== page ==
A similar plant the company is hoping to construct in Huntington Beach will be about $50 more per acre foot.
When asked if $2,100 per acre-foot was a reasonable figure for desalinated water in California, Maloni said, "That's nuts."
What does all this illustrate? That even among a small cast of purported experts there's little consensus on several fundamental issues.
Adding more fuel to the fires of public skepticism is that a third of the funding for the PPIC report came from Stephen D. Bechtel Jr. heir to the Bechtel Corp., which has come under tremendous criticism for its moves to privatize water around the world.
"That is very upsetting to us. They would stand to gain a lot with a contract to build a peripheral canal," said Barbara Barrigan-Parrilla of Restore the Delta.
PPIC's Ellen Hanak said the funding didn't affect their findings. "It's really much more linked to the fact that the foundation is really interested in the environment and water is a part of that."
Linda Strean, the PPIC's public affairs officer, told the Guardian that it was Bechtel himself who wrote the check, not the foundation. It's the first time Bechtel has given to PPIC.
But considering Bechtel's past performance managing water, it doesn't inspire much confidence.
BECHTEL'S BIG ADVENTURES
In April, Cesar Cardenas Ramirez and César Augusto Parada, traveled from Guayaquil, Ecuador, to San Francisco. The two men were on a fact-finding mission: they wanted to know more about the company that owns Interagua, the company that is supposed to deliver the drinking water that only occasionally comes out of the taps in their homes.
One of the first things they discovered is that 50 Beale St. doesn't necessarily advertise itself as the home of Bechtel one of the world's largest private corporations, with global construction and infrastructure contracts amounting to billions of dollars annually.
In Guayaquil, water service has been problematic for decades. During the 1990s the country received a loan from the Inter-American Development Bank to improve basic infrastructure. The money was given directly to the government, but like many World Bank and International Monetary Fund loans granted throughout Latin America at the time, it was predicated on an eventual privatization of the water service contract.
The money helped water conditions improved, and the city seemed to be on track to bring service to outlying areas. But in 2000, the city, abiding by the loan conditions, requested bids to run the water and sewage systems. No bids were received. Leaders scaled back provisions that kept some control in the hands of the government, and they got one response. In 2001, Interagua, a company owned by Bechtel, took over water service.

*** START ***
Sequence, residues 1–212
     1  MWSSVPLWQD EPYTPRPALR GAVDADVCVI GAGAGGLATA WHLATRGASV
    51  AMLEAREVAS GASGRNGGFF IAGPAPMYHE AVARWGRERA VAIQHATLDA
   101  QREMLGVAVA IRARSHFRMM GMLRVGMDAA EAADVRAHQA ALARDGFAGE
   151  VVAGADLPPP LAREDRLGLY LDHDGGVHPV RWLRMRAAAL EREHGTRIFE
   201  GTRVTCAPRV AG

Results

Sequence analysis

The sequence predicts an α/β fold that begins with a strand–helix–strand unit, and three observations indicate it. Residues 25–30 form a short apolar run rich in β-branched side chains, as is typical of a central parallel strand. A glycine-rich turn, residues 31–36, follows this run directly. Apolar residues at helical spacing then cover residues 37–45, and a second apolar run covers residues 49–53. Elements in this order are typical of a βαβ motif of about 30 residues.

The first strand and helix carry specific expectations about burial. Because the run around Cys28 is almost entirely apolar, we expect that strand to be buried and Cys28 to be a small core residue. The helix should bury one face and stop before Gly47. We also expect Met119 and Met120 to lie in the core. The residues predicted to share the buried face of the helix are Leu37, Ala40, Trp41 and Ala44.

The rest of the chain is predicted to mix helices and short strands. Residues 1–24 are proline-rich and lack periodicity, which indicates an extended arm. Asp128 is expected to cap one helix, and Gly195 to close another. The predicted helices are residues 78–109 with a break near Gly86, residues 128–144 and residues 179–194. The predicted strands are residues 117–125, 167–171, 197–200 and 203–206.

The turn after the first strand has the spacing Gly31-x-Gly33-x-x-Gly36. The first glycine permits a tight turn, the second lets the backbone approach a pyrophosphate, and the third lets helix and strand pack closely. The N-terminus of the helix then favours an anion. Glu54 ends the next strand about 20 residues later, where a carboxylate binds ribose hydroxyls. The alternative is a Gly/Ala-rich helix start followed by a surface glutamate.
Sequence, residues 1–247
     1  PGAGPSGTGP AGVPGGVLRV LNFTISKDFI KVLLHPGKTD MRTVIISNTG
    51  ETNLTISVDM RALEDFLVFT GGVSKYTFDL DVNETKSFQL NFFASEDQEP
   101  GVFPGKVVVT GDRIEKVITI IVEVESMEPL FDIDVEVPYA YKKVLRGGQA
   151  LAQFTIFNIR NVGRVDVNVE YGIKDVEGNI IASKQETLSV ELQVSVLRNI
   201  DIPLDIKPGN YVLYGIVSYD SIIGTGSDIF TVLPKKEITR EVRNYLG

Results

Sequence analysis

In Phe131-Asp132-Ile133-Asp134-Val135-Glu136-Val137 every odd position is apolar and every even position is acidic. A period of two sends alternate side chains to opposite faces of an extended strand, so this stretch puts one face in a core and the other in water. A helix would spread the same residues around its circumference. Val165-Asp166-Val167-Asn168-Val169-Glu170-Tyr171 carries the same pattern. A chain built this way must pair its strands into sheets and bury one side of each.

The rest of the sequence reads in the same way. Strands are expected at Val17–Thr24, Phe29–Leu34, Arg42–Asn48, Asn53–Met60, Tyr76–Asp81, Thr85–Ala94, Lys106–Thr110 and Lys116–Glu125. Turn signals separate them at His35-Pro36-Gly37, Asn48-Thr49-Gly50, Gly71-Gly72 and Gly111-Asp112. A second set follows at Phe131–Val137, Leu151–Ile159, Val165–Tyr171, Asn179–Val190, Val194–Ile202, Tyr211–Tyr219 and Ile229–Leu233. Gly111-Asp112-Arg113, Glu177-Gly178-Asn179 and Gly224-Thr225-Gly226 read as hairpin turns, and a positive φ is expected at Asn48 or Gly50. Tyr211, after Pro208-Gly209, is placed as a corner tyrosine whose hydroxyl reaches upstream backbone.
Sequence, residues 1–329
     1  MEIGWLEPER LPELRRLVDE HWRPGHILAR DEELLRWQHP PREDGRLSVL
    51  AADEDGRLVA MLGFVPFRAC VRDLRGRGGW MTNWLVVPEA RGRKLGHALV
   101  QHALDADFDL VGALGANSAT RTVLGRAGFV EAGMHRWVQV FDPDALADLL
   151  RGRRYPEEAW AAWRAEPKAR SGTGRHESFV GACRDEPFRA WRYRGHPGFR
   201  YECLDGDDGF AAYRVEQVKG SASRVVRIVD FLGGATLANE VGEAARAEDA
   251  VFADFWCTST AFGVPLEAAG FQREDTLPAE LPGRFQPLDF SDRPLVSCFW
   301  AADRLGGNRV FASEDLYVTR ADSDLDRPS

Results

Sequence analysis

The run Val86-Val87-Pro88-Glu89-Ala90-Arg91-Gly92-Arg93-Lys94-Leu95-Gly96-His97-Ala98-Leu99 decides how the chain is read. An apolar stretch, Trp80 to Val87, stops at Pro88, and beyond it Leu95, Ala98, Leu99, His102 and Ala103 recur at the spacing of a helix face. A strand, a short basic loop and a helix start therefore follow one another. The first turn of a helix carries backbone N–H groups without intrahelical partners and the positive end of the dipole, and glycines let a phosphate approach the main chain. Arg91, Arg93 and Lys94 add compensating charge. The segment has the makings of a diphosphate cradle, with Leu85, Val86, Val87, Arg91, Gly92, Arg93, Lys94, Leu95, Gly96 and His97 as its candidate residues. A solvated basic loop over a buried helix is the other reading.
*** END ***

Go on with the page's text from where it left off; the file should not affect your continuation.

"Since the contract, nobody has been able to drink the tap water," Cardenas, who represents the Citizen's Observatory for Public Services, a watchdog group formed in Guayaquil to monitor the water contract between the government and Interagua, told the Guardian. "Prior to the contract you could drink the tap water, although there were some sections of the city where the plumbing was old and inadequate."
Even though Interagua is managing a public service, because it's a private company, information about its exact responsibilities have been elusive. The Observatory does know that Interagua pays nothing for the water it draws from the local river, is guaranteed a 17 percent rate of return, and that it has a minimum mandate to expand service. What's also known is its citizens' experience during the first six months of the contract, some rates were increased 180 percent.
Bechtel's SF office refused to meet with the two men or answer their phone calls, e-mails, and letters, which highlights the inherent problem with corporate control of water a lack of accountability.
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